“I recall being at my mother’s friend’s office when I was young—seventh grade perhaps,” recalls Yuvan Aves, “Someone asked me what I wanted to become when I grew up.”
“A naturalist!” the boy responded with enthusiasm only to hear jokes about the lack of financial stability that such professions would lead to. Amidst the roaring laughter, the young boy was lost in his thoughts. “What is so funny about wanting to be a naturalist?” he wondered.
At sixteen, Yuvan decided formal schooling was not for him. He dropped out and pursued his A-levels and college through distance education while working at a residential school in Chengalpet. He had a new proposition for the teachers at the nearby government schools. “I will take the students out for educational walks around the fields of paddy,” he proposed with confidence.
The young naturalist assured the teachers that the students would get better marks from his revolutionary method of teaching. “At that point, I was hoping that the outdoors would excite the children enough to study better,” he chuckles. Linking everyday life with academics seemed to have done the trick. To everyone’s surprise, Yuvan’s walks made an impact on the students.
Two years down the line with a little over nine workshops complete, the joint director reached out claiming that the number of dropouts had reduced and the average marks had increased. The statistics caught Google’s attention resulting in a grant, a bus, a projector and a few Google Tabs towards the initiative. “Seeing children with an intrinsic desire and excitement to learn instead of being afraid motivated me,” he reveals.
The foundational exploration of what a career should be and an undying passion for nature and education drove Yuvan to found the Palluyir Trust. “It took me a while to proudly call myself a naturalist, nature writer and educator,” he admits. The foundation aims to act as a springboard of sorts to allow young naturalists to grow confidence and gain skills from the community to spread their wings and fly.
The young naturalists and wildlife enthusiasts met for the first time through the Madras Naturalist Society for Nature Education and Research. Yuvan crossed paths with the youngsters—Aswathi Asokan, Rohit Srinivasan, Nanditha Ram, Sara Mohan, Bianca, Nikkitha Terasa, Charlotte Trishika Jeffries and Balakrishnan Ram who eventually formed the core team. The group was studying the coastline of Chennai to create campaigns to save Pulicat Lake.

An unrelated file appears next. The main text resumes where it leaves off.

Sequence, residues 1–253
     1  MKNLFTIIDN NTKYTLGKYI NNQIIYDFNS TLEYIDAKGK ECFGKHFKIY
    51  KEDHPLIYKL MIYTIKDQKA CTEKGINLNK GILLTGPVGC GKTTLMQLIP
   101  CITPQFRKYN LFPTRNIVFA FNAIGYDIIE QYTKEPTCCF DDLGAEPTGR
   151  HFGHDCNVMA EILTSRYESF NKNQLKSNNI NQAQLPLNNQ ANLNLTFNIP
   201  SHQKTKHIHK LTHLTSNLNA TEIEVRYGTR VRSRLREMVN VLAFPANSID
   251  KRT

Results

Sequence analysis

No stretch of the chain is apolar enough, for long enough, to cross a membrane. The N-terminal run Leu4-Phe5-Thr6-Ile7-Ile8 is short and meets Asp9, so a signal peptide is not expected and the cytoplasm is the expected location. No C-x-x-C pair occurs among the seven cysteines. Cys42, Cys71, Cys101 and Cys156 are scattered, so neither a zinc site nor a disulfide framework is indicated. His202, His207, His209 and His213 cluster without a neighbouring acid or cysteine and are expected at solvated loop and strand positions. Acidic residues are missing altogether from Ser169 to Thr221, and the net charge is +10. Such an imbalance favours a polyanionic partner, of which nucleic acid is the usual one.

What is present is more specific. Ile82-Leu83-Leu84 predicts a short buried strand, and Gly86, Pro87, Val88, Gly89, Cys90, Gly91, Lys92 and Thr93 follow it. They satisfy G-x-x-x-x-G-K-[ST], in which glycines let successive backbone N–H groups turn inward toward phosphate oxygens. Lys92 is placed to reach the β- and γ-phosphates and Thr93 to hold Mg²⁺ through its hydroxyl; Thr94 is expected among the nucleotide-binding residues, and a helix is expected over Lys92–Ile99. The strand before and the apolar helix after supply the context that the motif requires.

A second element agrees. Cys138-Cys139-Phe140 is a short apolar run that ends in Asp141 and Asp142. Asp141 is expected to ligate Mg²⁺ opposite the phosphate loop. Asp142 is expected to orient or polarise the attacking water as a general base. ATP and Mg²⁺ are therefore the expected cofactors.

While studying the ocean biodiversity they realised that there weren’t many resources available. The gap inspired the group to make educational material using the research they were conducting. Meanwhile, the team would also curate shore walks for children and adults to deal with the unawareness or the false sense of entitlement that leads people to indulge in activities that would degrade the environment around them.
Around December 2021—“After two months of struggle with the formalities,” adds Ashwathi—Palluyir Trust was registered to create a legal and financial foundation. The objective was to develop a framework for the work they were already doing.
During one of the walks through the Urur Olcott Kuppam (near Besant Nagar beach), the team noticed the children of the fishing village playing in the sand around their walk. The session seemed to have piqued their interest. As the walk progressed, the children of the village joined in on the activities. “That was when we realised that these kids were curious and loved to draw!” explains Ashwathi.
The incident instigated the team to create an apprenticeship program. They collaborated with an organisation called Pudhiyadhor from Urur Olcott which is run by teachers from the fishing community. The program empowers the children to learn through experiences and activities along the coast—a landscape they were familiar with. “They see a new species and they want to know what it is. Later they want to write its name or draw it,” Yuvan explains to describe the potential learning curve.
Seashells is an activity book that developed as an offshoot of this program. The several interactions with the age-old community of Urur Olcott Kuppam left the team with takeaways on how they could learn from the land. “For instance, if you are in a random place, how do you find the North?” Yuvan questions. Seashells is a book that helps teachers and parents to guide children through fun coastal activities. Each coastal activity helps to build a specific skill or sensitivity.